FARNBOROUGH, England (AP) — European aircraft manufacturer Airbus has scooped up the only firm order so far on the third day of the Farnborough Airshow, in a further sign that airlines are concerned about the global economic outlook.
And with governments around the world on a cost-cutting drive, many airlines appear to be operating a wait-and-see approach, especially when compared with last year's airshow in Paris — Farnborough, which is south of London, alternates for the airshow with the French capital.
Airbus, a subsidiary of EADS, did get a firm order from the aerospace division of CIT Group, a transport finance and leasing company, which has ordered 10 mid-sized long-haul A330 aircraft, in a deal that has a list value of $2.3 billion. The deal includes five that were ordered earlier this year, and deliveries are scheduled to begin in 2014. With this new order, CIT now has a total order book of 162 aircraft scheduled for delivery through 2019, of which 89 are for Airbus aircraft.
"The A330 is already the market's favorite long-range aircraft, but we don't stop there; we are continuously improving the A330 with, for example, new weight variants which offer more payload-range capability," said Fabrice Bregier, Airbus' president and chief executive.
Though the first two days of this year's airshow were littered with some headline-grabbing orders, many of the deals announced have been commitments, including Boeing's $9.2 billion deal with GE Capital Aviation Services, the commercial aircraft leasing and financing arm of General Electric. Most commitments do become firm in the end but uncertainties remain.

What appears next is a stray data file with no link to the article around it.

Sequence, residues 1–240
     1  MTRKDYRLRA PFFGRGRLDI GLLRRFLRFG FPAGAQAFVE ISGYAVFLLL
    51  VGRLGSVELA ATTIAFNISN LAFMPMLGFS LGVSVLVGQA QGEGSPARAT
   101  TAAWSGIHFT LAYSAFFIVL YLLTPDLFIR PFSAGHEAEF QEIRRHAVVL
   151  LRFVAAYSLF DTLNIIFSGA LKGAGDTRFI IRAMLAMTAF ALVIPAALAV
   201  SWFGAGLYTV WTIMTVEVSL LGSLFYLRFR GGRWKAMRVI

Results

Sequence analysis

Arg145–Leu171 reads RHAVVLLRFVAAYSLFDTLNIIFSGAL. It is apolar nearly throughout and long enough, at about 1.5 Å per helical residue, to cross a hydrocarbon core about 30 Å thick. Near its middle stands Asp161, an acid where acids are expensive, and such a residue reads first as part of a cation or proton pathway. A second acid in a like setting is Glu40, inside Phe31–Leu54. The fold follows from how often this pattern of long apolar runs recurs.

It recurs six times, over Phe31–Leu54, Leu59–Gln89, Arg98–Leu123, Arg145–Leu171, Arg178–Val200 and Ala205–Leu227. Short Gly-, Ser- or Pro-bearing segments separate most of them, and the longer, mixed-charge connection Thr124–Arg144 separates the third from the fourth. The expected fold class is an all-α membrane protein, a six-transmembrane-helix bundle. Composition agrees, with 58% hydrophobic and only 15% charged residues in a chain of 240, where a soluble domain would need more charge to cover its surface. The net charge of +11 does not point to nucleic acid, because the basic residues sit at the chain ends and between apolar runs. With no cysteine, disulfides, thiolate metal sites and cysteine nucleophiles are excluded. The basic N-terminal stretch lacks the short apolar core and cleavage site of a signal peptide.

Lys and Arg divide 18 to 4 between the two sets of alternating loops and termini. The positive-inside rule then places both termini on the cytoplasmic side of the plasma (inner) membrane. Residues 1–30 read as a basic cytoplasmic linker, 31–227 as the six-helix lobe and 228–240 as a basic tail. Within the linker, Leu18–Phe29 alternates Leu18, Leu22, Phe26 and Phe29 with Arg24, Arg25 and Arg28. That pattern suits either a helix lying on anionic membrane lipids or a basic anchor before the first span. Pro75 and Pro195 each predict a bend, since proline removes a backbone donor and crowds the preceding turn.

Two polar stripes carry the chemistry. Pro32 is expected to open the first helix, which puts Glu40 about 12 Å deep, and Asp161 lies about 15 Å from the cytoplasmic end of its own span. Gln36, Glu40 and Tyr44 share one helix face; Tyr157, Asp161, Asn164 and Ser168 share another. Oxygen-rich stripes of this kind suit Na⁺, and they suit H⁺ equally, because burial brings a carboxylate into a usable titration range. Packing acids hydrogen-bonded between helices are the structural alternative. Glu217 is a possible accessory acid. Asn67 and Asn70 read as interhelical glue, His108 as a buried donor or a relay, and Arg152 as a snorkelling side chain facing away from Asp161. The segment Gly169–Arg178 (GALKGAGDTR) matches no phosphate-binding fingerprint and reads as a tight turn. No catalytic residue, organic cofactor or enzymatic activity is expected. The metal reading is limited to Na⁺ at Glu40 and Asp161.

That trend of failing to close out deals continued Wednesday.
Alongside its deal with CIT, Airbus revealed that China Aircraft Leasing Company, a fast growing Hong Kong based aircraft leasing company has committed to buy 36 current generation A320 short-haul aircraft, in a deal with a list value of $3.1 billion.
Earlier this week, Airbus revealed plans to overhaul its A330 range of aircraft to give it a longer flying range. By giving the plane the ability to carry more fuel — combined with greater efficiency — Airbus said the A330-300 will now be able to make longer journeys. For example, Seattle will now be accessible from Beijing, as will Tokyo from London.
The only deal Airbus' arch-rival Boeing announced Wednesday was a commitment by Irish-based leasing company Avolon to purchase 10 737 MAX 8s and 5 737 MAX 9s, as well as 10 Next-Generation 737-800s. The commitment for the A320's big rival has a list-price value of $2.3 billion.
Companies rarely pay the full price when placing large orders.
Airbus has scooped up the only firm order so far on the third day of the Farnborough Airshow, in a further sign that airlines are concerned about the global economic outlook.